In statistics, quartiles are used to divide up a data set into four equal parts between the first quartile, median and third quartile. Because data sets and range so wildly, there are a number of methods for determining the quartiles. Excel versions prior to 2010 used a quartile method that took half of the data set, included the median and searched for the median of that subset of data. This quartile method can get some strange results, so in 2010 Excel changed the quartile method to one that excludes the median and returns much better results. Excel 2010 still offers the original quartile method as well.
- Skill level:
- Moderately Easy
Other People Are Reading
Open a new Microsoft Excel 2010 spreadsheet. Click on the top-left cell in the spreadsheet.
Type your data set into the first column of cells. Each number should have its own cell.
Click on cell "B1." Type in "=quar" to open a pop-up menu with three options. Double-click "Quartile.exc" to use the newer version of the quartile function. Double-click "Quartile.inc" to use the older version of the function. If you need this worksheet to work with earlier versions of Excel, double-click the "Quartile" function. "Quartile" and "Quartile.inc" are the same, but only "Quartile" works on earlier versions of Excel. Once you make your choice, Excel completes the function name and places an open parenthesis in the formula bar.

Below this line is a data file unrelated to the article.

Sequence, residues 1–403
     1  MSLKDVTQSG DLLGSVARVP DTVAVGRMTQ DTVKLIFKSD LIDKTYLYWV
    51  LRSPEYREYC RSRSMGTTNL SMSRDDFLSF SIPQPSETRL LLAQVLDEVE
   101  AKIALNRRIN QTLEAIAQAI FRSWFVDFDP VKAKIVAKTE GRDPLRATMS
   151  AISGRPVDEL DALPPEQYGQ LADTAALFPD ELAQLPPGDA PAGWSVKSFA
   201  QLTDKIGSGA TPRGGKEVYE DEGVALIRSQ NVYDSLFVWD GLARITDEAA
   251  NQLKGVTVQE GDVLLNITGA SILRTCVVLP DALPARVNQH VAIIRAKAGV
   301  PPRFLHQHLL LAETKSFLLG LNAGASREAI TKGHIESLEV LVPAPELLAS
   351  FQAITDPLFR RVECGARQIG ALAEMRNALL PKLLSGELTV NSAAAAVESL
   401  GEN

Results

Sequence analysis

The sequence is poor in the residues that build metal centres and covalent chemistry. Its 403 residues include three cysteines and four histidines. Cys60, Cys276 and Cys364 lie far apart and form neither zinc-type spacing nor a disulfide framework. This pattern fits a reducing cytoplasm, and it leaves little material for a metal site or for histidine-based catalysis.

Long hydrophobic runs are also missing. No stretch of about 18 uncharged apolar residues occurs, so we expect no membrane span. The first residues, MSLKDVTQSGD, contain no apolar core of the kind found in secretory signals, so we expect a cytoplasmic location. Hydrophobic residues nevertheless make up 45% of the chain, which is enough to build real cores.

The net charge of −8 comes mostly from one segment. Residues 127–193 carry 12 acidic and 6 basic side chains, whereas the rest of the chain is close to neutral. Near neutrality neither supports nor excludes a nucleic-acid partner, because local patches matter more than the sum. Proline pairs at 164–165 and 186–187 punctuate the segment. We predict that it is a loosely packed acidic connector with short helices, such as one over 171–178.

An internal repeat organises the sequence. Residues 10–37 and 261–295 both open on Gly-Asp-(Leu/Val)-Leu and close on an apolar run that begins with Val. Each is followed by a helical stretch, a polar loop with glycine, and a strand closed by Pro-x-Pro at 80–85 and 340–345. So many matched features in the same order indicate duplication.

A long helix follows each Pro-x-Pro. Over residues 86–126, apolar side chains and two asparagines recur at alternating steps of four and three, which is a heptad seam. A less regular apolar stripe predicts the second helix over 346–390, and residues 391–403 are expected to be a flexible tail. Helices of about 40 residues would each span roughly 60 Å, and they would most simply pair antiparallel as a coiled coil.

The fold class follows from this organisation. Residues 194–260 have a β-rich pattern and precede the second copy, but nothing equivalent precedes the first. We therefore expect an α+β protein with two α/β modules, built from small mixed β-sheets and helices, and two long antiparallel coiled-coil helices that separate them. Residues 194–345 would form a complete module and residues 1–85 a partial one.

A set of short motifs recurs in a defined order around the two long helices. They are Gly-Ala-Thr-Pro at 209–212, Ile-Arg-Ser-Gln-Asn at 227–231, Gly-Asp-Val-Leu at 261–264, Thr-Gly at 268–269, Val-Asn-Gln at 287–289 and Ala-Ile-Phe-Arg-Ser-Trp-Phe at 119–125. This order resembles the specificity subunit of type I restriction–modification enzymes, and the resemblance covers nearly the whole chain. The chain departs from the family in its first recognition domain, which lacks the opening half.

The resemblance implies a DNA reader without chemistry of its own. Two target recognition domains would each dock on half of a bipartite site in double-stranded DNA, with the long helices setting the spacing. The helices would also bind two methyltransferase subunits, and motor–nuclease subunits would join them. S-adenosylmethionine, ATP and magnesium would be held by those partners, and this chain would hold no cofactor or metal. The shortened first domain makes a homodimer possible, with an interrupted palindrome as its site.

Click on cell "A1" and hold down the mouse button. Drag the mouse to the last data entry in the column and release the button. Press the comma key.
Enter "1," "2" or "3" into the formula bar. "1" gives your the first quartile, "2" gives you the second quartile, which is also the median, and "3" gives you the third quartile. If you are using the "Quartile.inc" function, you can also enter "0" or "4," which gives your the minimum value and maximum value, respectively.
Enter a close parenthesis and press the "Enter" key. The formula disappears and is replaced by your desired quartile for the data set. The number that appears represents the value where the range of numbers is divided into quarters.
- 20 of the funniest online reviews ever
- 14 Biggest lies people tell in online dating sites
- Hilarious things Google thinks you're trying to search for